• Metabolism: The speed at which a person is able to metabolize his or her food, liquids or drugs will effect how quickly morphine is process through the body.
  • Frequency of use: A person who only takes a single dose, one time, is going to eliminate morphine faster from his or her system than a person who has been using it for an extended amount of time at much higher doses.
According to the National Highway Traffic Safety Administration, they indicate some estimates for how long it takes morphine to leave the system. The following is an estimated range of times, or detection windows for drug testing, that a user can expect morphine to be discovered by several testing methods:
  • Urine: Morphine can be detected in the urine for 2-3 days
  • Hair: Morphine, like many other drugs, can be detected with a hair follicle drug test for up to 90 days.
  • Blood: A blood test can identify Morphine for up to 12 hours.
When it comes to morphine withdrawal each person has varying levels of discomfort, which can range from mild or moderate to severe depending on all the their dosage amounts, regularity of use as well as their ability to purge morphine from his or her system. Each of these factors will affect both the intensity of their withdrawal symptoms as well as the timeline and duration. When coming off of morphine, it’s highly advised to go through the detox process under medical supervision with a trained professional. Undergoing medical detox for opiate withdrawal from morphine is the best way to ensure that painful and uncomfortable side effects are mitigated as best as possible. The withdrawal process is what often keeps a person addicted, as it can be so unpleasant that it discourages them from following through all the way. Medical detox can both keep someone encouraged and also help to alleviate symptoms and avoid complications. Morphine withdrawal symptoms may include:
  • Anxiety
  • Restlessness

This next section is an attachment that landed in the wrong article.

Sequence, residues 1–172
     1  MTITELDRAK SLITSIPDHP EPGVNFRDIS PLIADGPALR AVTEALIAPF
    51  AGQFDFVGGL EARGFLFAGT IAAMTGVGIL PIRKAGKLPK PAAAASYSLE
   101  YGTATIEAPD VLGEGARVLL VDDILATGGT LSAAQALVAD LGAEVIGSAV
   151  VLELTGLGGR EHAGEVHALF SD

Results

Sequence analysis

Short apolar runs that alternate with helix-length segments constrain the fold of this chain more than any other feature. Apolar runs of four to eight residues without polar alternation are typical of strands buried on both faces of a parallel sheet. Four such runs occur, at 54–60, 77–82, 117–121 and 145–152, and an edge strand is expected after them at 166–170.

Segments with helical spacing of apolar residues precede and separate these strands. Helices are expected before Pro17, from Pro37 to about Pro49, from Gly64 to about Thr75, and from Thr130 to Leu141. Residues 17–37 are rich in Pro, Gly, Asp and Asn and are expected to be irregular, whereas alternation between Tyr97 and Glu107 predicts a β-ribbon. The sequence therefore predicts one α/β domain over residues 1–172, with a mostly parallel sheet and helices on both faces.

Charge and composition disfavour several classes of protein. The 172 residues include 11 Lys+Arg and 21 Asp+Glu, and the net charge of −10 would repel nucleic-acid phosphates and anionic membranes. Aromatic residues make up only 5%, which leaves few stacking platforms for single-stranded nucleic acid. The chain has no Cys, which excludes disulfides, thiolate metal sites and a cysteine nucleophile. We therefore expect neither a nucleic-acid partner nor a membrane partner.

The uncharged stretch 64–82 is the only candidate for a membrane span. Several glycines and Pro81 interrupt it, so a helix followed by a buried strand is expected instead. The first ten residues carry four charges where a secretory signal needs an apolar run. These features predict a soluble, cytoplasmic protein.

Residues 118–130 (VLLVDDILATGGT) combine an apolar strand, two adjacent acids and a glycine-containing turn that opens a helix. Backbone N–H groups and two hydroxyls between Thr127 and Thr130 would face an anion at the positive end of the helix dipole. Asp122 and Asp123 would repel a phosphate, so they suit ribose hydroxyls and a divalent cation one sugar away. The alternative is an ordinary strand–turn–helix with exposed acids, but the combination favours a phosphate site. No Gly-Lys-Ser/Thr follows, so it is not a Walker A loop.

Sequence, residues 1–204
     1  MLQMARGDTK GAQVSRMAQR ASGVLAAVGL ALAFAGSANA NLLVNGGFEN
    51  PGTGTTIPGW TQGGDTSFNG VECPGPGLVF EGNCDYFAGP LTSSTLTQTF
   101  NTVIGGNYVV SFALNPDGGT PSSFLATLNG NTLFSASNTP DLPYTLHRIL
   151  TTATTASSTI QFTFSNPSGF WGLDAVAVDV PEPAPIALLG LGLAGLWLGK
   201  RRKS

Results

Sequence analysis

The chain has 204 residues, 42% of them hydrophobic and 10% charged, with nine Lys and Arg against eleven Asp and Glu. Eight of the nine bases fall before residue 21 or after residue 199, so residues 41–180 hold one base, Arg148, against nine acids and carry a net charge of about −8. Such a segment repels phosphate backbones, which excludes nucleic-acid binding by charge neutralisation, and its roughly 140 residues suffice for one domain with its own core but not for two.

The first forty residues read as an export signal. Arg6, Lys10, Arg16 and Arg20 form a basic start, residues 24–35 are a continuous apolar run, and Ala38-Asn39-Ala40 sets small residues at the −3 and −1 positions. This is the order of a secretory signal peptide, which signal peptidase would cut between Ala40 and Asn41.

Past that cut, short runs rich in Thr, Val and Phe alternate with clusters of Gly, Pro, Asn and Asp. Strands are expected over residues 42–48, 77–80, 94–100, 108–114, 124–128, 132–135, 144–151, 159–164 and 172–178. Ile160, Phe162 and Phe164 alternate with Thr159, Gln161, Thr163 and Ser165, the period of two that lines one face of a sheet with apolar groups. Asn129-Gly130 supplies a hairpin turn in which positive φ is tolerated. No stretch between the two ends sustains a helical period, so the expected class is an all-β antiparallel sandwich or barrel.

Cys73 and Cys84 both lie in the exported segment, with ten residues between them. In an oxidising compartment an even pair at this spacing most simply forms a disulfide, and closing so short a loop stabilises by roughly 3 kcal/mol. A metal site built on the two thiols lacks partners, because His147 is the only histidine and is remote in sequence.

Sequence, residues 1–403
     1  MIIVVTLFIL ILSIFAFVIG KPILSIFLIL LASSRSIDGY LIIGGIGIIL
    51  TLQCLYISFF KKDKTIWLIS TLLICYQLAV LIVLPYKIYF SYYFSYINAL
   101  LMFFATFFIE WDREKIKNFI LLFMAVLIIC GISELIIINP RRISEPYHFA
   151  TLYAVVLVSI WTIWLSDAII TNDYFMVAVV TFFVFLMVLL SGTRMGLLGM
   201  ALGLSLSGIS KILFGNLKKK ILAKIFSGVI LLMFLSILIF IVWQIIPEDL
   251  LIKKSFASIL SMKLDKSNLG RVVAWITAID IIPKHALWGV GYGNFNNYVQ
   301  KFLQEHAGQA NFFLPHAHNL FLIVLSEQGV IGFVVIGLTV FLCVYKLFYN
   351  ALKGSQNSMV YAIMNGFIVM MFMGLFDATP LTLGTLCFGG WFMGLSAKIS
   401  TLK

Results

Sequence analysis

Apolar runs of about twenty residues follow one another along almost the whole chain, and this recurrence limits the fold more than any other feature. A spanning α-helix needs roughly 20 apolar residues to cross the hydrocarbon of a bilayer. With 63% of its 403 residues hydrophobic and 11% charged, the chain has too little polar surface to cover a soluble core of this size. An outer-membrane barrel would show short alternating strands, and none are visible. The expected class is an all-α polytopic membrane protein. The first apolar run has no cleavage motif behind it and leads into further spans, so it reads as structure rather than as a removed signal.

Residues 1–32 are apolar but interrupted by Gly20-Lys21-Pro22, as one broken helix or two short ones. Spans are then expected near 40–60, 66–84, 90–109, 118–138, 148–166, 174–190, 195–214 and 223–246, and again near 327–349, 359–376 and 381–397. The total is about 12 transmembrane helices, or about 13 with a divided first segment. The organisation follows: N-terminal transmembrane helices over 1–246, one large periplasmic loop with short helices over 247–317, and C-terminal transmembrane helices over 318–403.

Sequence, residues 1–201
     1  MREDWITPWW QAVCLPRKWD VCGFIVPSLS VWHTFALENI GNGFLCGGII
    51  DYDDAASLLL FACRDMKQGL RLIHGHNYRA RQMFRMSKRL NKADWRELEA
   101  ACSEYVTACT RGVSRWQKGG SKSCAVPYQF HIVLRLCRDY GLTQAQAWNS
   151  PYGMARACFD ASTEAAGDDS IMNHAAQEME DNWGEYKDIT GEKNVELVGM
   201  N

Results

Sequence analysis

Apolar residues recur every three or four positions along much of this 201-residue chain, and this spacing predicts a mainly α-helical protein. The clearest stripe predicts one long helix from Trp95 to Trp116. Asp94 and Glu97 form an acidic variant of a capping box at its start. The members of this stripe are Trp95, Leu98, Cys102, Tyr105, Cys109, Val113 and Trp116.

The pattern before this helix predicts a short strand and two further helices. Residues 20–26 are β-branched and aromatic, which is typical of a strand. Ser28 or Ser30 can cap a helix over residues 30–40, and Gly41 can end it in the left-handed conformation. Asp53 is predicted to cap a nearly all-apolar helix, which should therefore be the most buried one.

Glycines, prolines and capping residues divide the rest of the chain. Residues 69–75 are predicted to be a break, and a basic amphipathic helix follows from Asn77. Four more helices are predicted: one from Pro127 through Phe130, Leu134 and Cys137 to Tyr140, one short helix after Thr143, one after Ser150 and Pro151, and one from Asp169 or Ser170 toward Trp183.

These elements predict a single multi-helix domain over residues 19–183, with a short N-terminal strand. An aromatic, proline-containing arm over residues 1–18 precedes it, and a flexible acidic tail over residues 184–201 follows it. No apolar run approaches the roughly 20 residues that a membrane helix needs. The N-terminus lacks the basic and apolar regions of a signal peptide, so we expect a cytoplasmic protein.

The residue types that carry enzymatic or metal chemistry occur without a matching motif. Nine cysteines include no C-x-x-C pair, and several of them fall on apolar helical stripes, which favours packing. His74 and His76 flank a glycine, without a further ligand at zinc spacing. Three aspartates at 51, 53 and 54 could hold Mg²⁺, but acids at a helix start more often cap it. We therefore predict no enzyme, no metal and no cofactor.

• Sweats and chills
  • Stomach cramps or diarrhea
  • Fast heartbeat and breathing rate
  • Trouble sleeping
  • Joint or muscle pain
  • Loss of appetite
  • Nausea and vomiting
  • Runny nose
  • Sneezing
  • Weakness or fatigue
Once someone has made it through the withdrawal and detox process from morphine, long-term treatment such as an inpatient or outpatient program is advised. Opiate addiction from morphine should be addressed after detox as the next phase towards recovery so that any underlying causes can be identified and worked through.
Guide for Estimating Requirements for Substances Under International Control, International Narcotics Control Board, <https://www.incb.org/documents/Narcotic-Drugs/Guidelines/estimating_requirements/NAR_Guide_on_Estimating_EN_Ebook.pdf>, February 2012 Increases in Drug and Opiod Overdose Deaths, Center For Disease Control, <https://www.cdc.gov/mmwr/preview/mmwrhtml/mm6450a3.htm>, January 2016. Drugs The Straight Facts: Morphine, State University of New York at Buffalo, <http://iftandcs.org/Addictions/Drugs%20The%20Straight%20Facts,%20Morphine.pdf>, Gregory Busse

Infographic: How Long Does Morphine Stay in Your System?

How Long Does Morphine Stay in Your System
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How Long Does Morphine Stay in Your System was last modified: September 12th, 2018 by The Recovery Village